Alzheimer's disease has a preclinical stage when cerebral amyloid-β deposition occurs before symptoms emerge, and when amyloid-β-targeted therapies may have maximum benefits. Existing amyloid-β status measurement techniques, including amyloid PET and CSF testing, are difficult to deploy at scale, so blood biomarkers are increasingly considered for screening. We compared three different blood-based techniques-liquid chromatography-mass spectrometry measures of plasma amyloid-β, and single molecule array (Simoa) measures of plasma amyloid-β and phospho-tau181-to detect cortical 18F-florbetapir amyloid PET positivity (defined as a standardized uptake value ratio of >0.61 between a predefined cortical region of interest and eroded subcortical white matter) in dementia-free members of Insight 46, a substudy of the population-based British 1946 birth cohort. We used logistic regression models with blood biomarkers as predictors of amyloid PET status, with or without age, sex and APOE ε4 carrier status as covariates. We generated receiver operating characteristics curves and quantified areas under the curves to compare the concordance of the different blood tests with amyloid PET. We determined blood test cut-off points using Youden's index, then estimated numbers needed to screen to obtain 100 amyloid PET-positive individuals. Of the 502 individuals assessed, 441 dementia-free individuals with complete data were included; 82 (18.6%) were amyloid PET-positive. The area under the curve for amyloid PET status using a base model comprising age, sex and APOE ε4 carrier status was 0.695 (95% confidence interval: 0.628-0.762). The two best-performing Simoa plasma biomarkers were amyloid-β42/40 (0.620; 0.548-0.691) and phospho-tau181 (0.707; 0.646-0.768), but neither outperformed the base model. Mass spectrometry plasma measures performed significantly better than any other measure (amyloid-β1-42/1-40: 0.817; 0.770-0.864 and amyloid-β composite: 0.820; 0.775-0.866). At a cut-off point of 0.095, mass spectrometry measures of amyloid-β1-42/1-40 detected amyloid PET positivity with 86.6% sensitivity and 71.9% specificity. Without screening, to obtain 100 PET-positive individuals from a population with similar amyloid PET positivity prevalence to Insight 46, 543 PET scans would need to be performed. Screening using age, sex and APOE ε4 status would require 940 individuals, of whom 266 would proceed to scan. Using mass spectrometry amyloid-β1-42/1-40 alone would reduce these numbers to 623 individuals and 243 individuals, respectively. Across a theoretical range of amyloid PET positivity prevalence of 10-50%, mass spectrometry measures of amyloid-β1-42/1-40 would consistently reduce the numbers proceeding to scans, with greater cost savings demonstrated at lower prevalence.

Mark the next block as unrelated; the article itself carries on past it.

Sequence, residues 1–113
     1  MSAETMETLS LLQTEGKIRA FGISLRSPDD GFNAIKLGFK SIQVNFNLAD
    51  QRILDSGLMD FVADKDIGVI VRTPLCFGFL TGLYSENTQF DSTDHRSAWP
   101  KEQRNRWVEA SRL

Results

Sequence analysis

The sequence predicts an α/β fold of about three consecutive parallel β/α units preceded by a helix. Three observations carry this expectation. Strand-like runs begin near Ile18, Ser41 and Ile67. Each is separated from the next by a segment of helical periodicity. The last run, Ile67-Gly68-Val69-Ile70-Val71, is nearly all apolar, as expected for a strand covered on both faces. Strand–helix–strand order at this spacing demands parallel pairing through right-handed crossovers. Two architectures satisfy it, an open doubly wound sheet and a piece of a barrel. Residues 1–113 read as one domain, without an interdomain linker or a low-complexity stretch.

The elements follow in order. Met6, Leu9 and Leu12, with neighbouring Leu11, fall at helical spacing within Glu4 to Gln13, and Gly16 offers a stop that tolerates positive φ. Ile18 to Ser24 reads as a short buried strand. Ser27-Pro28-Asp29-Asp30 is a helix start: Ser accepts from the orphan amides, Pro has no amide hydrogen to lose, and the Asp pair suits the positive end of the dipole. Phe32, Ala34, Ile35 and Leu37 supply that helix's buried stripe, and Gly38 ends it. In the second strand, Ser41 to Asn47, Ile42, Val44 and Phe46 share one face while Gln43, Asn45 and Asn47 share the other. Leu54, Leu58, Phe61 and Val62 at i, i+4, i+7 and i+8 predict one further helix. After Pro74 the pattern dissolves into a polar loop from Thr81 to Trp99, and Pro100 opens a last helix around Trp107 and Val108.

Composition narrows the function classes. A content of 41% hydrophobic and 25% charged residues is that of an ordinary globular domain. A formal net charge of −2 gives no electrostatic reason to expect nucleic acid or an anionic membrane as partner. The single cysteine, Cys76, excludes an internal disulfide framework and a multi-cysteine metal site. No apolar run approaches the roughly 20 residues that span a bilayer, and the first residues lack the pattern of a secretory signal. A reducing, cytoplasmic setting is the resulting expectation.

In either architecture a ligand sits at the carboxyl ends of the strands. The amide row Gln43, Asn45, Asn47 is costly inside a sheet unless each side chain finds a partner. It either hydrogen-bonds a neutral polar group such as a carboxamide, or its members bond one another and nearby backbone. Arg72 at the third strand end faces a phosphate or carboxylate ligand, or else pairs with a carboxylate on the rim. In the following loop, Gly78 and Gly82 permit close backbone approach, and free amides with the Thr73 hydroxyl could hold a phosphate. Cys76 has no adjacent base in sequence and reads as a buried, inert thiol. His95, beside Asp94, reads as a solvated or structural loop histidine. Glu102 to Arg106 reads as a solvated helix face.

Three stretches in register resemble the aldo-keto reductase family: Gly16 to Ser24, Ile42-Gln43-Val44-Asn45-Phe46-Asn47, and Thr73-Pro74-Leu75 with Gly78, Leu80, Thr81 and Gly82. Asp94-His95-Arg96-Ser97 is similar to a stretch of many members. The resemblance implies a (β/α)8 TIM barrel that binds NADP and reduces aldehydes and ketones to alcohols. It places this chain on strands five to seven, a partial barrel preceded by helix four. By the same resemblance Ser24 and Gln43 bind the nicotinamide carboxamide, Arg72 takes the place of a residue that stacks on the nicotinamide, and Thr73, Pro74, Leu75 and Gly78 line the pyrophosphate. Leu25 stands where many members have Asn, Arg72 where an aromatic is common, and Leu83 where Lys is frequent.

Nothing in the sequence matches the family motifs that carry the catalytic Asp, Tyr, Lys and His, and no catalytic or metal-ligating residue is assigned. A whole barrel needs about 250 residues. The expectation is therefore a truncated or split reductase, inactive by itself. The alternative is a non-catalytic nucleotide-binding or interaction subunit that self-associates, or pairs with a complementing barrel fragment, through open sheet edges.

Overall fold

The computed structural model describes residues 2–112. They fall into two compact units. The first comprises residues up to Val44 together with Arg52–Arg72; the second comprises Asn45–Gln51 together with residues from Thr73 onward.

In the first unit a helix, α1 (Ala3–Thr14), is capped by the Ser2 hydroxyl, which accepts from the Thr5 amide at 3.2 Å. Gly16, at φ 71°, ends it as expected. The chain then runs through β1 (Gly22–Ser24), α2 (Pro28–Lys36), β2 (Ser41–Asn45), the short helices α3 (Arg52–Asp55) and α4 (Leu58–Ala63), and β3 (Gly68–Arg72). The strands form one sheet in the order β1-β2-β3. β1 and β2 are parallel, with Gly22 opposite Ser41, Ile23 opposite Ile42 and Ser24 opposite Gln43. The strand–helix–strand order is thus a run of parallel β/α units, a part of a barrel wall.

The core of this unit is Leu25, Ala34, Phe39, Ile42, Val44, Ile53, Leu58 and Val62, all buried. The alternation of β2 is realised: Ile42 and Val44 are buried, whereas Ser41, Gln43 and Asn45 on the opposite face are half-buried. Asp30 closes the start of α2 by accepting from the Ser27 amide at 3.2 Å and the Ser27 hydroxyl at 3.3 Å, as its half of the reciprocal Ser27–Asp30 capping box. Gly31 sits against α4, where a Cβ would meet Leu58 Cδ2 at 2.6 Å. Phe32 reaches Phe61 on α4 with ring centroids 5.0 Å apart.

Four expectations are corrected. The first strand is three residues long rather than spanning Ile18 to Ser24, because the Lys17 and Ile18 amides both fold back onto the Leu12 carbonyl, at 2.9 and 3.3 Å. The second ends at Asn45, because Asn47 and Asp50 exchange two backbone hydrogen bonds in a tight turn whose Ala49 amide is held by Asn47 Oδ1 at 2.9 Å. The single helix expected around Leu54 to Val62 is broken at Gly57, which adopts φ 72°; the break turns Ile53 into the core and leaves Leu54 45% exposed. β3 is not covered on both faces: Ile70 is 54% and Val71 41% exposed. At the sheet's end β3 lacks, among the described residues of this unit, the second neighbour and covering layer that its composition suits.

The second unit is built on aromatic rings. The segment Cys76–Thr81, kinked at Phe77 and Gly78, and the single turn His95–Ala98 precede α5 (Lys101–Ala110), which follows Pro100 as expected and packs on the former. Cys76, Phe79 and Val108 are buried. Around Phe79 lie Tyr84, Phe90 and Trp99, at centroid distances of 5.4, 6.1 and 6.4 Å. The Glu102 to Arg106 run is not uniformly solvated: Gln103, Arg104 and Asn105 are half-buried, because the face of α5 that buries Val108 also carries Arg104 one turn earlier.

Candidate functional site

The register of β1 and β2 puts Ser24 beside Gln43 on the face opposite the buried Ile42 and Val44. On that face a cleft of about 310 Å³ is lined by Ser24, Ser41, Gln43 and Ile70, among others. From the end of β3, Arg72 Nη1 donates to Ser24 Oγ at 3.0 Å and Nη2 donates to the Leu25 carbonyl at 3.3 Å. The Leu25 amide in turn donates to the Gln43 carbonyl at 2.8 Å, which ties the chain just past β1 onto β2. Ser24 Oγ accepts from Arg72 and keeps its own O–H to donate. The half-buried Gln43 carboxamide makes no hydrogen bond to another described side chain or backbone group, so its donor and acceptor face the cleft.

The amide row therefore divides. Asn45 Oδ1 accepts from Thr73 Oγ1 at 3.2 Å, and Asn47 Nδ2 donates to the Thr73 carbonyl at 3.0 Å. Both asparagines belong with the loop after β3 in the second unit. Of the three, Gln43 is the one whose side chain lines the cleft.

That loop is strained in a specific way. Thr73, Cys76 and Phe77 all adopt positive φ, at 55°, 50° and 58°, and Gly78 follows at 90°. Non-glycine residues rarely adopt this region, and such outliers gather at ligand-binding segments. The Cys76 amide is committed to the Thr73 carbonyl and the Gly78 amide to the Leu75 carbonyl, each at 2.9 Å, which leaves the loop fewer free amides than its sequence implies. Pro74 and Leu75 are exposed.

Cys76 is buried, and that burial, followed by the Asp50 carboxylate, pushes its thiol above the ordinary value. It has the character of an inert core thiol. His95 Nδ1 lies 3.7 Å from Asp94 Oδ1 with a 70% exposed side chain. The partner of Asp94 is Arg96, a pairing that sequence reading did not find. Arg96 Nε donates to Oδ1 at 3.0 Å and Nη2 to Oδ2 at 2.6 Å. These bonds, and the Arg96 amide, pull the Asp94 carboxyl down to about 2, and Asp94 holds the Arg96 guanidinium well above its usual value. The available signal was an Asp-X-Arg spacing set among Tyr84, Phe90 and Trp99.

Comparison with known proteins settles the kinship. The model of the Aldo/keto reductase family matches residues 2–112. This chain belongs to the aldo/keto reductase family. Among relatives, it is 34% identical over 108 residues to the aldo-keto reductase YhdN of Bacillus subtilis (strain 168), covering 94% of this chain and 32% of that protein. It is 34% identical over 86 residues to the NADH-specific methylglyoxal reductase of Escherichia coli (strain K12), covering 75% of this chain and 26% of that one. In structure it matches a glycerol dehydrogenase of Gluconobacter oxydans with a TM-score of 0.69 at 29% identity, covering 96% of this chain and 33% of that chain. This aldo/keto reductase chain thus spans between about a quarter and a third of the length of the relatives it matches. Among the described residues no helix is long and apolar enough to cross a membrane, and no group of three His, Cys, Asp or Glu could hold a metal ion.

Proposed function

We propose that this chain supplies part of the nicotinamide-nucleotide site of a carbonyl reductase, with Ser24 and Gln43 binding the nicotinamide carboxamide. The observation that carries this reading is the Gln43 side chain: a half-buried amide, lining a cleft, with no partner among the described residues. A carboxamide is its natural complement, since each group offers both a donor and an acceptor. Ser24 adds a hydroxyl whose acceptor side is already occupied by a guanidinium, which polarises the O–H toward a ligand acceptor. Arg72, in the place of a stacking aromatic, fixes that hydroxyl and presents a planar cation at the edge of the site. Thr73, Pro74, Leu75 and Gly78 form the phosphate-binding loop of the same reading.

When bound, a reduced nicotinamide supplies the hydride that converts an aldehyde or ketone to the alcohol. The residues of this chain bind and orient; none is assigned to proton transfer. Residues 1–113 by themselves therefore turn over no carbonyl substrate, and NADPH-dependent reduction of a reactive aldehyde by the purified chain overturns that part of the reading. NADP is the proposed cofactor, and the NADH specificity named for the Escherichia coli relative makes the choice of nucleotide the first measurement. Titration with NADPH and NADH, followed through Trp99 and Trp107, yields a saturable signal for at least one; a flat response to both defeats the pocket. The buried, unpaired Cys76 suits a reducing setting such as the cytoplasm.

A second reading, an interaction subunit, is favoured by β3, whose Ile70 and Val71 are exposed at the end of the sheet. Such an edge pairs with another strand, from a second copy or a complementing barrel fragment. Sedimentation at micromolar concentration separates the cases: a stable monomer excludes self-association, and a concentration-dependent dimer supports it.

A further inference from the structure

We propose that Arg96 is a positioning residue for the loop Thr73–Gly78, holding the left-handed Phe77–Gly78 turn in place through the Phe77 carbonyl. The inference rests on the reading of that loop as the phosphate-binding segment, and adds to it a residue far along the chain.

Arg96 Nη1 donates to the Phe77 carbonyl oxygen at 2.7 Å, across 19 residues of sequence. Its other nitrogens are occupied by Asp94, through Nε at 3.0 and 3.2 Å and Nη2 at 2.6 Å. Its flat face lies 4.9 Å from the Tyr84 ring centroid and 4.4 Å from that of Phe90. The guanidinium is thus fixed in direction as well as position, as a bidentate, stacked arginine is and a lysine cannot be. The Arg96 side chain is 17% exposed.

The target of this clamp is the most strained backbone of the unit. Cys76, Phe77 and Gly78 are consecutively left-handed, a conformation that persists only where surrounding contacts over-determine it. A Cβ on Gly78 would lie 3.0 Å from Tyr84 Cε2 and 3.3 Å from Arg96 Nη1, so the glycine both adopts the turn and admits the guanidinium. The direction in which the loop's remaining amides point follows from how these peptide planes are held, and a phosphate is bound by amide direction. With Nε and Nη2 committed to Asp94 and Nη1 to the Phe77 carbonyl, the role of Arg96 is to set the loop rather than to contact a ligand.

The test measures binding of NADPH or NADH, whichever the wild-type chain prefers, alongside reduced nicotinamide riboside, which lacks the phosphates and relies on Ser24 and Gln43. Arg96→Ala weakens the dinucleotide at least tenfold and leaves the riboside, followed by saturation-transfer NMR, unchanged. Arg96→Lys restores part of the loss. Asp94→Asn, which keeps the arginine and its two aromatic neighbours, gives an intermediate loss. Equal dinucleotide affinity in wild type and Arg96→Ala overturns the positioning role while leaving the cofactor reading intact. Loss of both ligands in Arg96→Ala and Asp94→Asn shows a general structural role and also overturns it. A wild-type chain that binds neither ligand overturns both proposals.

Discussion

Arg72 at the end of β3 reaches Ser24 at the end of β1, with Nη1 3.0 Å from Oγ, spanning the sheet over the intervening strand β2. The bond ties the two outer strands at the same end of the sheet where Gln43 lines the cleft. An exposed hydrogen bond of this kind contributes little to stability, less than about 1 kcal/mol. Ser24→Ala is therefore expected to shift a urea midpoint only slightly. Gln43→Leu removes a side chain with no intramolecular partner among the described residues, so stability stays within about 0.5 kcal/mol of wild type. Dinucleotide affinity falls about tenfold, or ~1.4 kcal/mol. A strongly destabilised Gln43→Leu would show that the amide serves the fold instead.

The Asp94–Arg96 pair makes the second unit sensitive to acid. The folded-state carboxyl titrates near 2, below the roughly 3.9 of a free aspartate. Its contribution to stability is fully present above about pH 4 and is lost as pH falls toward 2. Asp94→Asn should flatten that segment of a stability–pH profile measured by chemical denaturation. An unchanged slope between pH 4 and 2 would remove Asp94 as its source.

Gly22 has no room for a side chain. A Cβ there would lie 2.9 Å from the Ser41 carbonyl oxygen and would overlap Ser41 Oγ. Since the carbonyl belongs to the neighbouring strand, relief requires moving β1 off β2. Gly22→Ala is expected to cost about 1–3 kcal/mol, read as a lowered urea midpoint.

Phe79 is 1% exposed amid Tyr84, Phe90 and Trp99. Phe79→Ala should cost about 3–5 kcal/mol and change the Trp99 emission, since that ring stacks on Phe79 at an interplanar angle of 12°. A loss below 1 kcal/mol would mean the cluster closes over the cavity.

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http://dx.doi.org/10.1093/brain/awaa403DOI Listing
http://www.ncbi.nlm.nih.gov/pmc/articles/PMC7940173PMC
March 2021

Automated quantitative MRI volumetry reports support diagnostic interpretation in dementia: a multi-rater, clinical accuracy study.

Eur Radiol 2021 Jul 15;31(7):5312-5323. Epub 2021 Jan 15.

Centre for Medical Image Computing (CMIC), Department of Medical Physics and Bioengineering, University College London, London, UK.